The hot topic of packaging
No matter where and how we shop, we encounter packaged products almost everywhere. In the supermarket, bananas are packed even though they have their own skin to protect them. How often do you look at a multipack of crisps and debate how many more bags the manufacturer could have fitted in? But even when we order online, we often get packages that are not only too big for the contents, but also masses of excess filling material. Unnecessary packaging is such a big problem because it wastes resources that could have been saved and also creates waste that could have been avoided.
Packaging is also a serious issue for Sedus. On one hand, as few resources as possible should be used; on the other, the customer should receive the product undamaged and not have to make a complaint about transport damage. Returning or exchanging a product always involves a logistical effort, which in turn has a negative impact both ecologically and economically. That’s why Sedus has thought about the following for the right packaging – “As much as necessary, as little as possible”. The packaging used should protect the product and ensure damage-free transport without being wastefully oversized.
In the Sedus storage unit ranges, for example, film wrapping is omitted for domestic deliveries. What remain are the inverted hood, the base skirt and partial protective measures, all of which are mainly made of cardboard. The quarterback swivel chair follows a further, special packaging and dispatch principle. It is delivered partially assembled and therefore requires only a small packing size. Not only are transport costs reduced, but also CO2 emissions. The recipient can easily assemble the components of the quarterback without tools. When it comes to cardboard packaging, Sedus also takes care to avoid colourful prints – standard cardboard boxes with simple black printing are used.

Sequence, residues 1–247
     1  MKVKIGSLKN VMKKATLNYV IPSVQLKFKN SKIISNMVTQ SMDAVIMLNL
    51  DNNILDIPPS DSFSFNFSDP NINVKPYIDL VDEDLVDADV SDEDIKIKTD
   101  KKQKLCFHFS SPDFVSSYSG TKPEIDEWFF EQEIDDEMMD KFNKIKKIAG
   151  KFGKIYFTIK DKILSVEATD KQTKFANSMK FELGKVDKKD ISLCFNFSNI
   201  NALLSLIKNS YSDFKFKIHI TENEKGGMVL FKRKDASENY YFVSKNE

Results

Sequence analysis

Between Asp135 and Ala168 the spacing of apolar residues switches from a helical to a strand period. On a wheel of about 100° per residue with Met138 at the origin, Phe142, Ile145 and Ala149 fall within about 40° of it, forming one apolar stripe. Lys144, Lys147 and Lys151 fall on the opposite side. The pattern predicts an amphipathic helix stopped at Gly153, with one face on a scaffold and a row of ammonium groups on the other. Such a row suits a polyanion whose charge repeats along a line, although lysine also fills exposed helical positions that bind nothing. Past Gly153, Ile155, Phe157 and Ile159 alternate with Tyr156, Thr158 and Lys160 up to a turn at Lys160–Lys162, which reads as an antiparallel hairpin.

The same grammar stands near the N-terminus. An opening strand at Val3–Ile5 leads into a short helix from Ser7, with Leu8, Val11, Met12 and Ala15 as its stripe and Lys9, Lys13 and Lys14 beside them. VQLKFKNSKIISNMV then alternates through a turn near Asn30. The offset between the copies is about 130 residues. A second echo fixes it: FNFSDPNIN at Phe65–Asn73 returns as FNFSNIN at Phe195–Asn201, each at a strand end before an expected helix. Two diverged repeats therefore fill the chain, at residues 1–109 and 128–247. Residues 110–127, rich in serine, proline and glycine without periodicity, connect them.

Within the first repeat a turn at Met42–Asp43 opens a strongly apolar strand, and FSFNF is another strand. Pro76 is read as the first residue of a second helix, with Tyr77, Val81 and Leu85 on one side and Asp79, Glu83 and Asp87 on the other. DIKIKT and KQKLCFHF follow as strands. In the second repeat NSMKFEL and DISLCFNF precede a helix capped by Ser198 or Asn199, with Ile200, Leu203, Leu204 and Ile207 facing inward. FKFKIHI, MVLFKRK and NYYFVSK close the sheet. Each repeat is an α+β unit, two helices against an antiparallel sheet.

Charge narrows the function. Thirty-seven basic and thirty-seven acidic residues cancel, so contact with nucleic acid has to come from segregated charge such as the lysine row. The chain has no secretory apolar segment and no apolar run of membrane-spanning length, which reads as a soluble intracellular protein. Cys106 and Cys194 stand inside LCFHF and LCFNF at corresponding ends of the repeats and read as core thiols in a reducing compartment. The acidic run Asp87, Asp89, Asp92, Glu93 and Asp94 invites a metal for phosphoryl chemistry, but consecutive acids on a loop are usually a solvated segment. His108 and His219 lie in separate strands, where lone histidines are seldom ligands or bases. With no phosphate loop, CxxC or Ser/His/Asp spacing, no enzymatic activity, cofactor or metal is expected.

Sustainable action: then and now
Sedus has also thought up a safe and environmentally friendly packaging concept for products with large dimensions such as the se:cube. As the room-in-room element consists of a large number of different components and materials, the challenge was to accommodate everything in a space-saving and safe manner. Delivering both the small parts and the large-format wooden components and glass surfaces. The following requirements were placed on the appropriate packaging: If possible, it should be made of renewable raw materials, suitable for reuse and recyclable for one-way use.
The se:cubes from Sedus are now delivered on a spruce pallet from sustainable forestry, the a-shaped holding construction is made of chipboard and grey cardboard blanks are used as intermediate layers. The protective elements on the end faces and the wrapping film are made of PE material. No composite materials are used so that the different packaging materials can be easily separated.
Packaging for our chairs
Sustainability and the careful use of resources is nothing new at Sedus. As entrepreneur Christof Stoll once said: “Ecology and economy are not contradictory, but indispensable parts of a whole”. In 1993, he was named “Eco Manager of the Year” for his commitment and far-sightedness with regard to corporate environmental protection. These are values that are still upheld today.
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